She-Hulk (Marvel Comics)

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Although she prefers to stay in her She-Hulk form, in order to get a position at a law firm, she must argue her cases in her human form so as not to cause a distraction.


She-Hulk (Marvel; 22 pgs FC Monthly; $2.99)
(W: Dan Slott; P: Juan Bobillo & Paul Pelletier; I: Marcelo Sosa)

She-Hulk has always been a tough character to understand completely. Why would she want to spend any time in her secret identity when changing into She-Hulk turns her into a super-strong supermodel? Talk about mundane in comparison. The best part about Marvel’s monthly series She-Hulk is that the character is finally given a reason to do so: money. As a result, her potential to become a deeper and more interesting character is finally kickstarted. Those scoffing at She-Hulk’s ability to a carry a comic by herself will find themselves shocked.

she-hulk.jpgShe-Hulk, the brainchild of Dan Slott (at least in her current incarnation), focuses much more evenly on the actual superheroine and her alter ego, Jennifer Walters, than past appearances. Although she prefers to stay in her She-Hulk form, in order to get a position at a law firm, she must argue her cases in her human form so as not to cause a distraction. Of course, the dilemma here is that Jennifer loses her confidence in her human form, which many would argue is directly proportional to her overall skill as a lawyer. Such is a typical issue at Goodman, Lieber, Kurtzberg & Holliway, complete with one of the best supporting casts in comics, and an introduction to superhero law.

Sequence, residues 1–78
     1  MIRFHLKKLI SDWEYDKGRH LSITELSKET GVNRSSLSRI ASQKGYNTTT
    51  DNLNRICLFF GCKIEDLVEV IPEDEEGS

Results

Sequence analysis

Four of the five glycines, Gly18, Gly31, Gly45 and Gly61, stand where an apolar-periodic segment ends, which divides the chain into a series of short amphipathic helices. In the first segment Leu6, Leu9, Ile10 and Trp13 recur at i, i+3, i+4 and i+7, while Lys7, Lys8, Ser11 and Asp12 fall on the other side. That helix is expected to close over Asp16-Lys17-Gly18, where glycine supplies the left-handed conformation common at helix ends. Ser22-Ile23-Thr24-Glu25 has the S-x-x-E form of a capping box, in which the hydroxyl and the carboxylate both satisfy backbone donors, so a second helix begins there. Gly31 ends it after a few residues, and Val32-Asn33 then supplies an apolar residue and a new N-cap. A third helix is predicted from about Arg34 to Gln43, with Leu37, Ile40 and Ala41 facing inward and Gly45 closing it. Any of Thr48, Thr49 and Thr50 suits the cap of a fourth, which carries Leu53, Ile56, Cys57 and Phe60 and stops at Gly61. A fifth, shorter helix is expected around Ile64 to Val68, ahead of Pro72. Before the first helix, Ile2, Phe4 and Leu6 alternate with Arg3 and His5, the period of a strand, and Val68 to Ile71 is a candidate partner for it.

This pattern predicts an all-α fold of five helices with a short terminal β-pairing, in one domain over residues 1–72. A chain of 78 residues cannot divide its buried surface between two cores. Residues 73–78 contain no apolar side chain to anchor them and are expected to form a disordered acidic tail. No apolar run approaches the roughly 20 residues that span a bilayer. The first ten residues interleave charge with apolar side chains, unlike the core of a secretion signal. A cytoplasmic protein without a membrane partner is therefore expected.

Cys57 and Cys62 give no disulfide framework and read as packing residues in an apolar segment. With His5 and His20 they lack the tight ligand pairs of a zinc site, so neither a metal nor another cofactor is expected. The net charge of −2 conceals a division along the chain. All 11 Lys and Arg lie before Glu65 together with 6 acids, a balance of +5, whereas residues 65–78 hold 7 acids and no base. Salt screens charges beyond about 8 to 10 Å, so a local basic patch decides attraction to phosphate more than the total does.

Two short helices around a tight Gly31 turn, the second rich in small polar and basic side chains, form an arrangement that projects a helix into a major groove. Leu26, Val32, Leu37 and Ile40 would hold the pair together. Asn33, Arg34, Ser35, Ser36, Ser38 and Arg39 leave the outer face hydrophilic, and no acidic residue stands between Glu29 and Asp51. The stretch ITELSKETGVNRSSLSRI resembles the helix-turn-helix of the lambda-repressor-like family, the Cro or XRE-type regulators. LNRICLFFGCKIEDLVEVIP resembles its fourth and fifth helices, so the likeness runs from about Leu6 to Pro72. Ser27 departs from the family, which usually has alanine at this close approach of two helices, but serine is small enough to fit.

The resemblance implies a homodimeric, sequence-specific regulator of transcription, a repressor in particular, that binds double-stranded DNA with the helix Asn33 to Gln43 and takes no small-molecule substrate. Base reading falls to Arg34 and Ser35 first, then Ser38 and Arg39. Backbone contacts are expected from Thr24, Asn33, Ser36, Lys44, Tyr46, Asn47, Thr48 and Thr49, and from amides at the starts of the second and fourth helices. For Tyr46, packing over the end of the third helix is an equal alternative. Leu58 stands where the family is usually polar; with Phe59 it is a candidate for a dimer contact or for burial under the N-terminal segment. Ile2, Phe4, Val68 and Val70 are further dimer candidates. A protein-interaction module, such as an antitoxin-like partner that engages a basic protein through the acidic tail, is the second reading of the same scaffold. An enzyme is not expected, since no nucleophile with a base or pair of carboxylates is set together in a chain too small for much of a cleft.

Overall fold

She-Hulk is generally defending superpowered individuals, and the courtroom stories resist the tendency to slip into the mundane. Whether she’s representing a man suing his employer for accidentally granting him superpowers (thus ruining his sex life—since he can’t control his super strength, he hurts his wife), or She-Hulk herself is on trial for being a detriment to society, the stories seem fresh and the issues read very well. They’re at their best, however, when they step outside the Law & Order stories and into situations where She-Hulk doesn’t quite seem to “fit,” such as a superhero babysitter and an interstellar boxer. Even more interesting is that one of the best storylines of the book is written from the perspective of She-Hulk’s arch nemesis. All of these different perspectives move She-Hulk at a mile a minute and out of her comfort zone, which is very refreshing to read.

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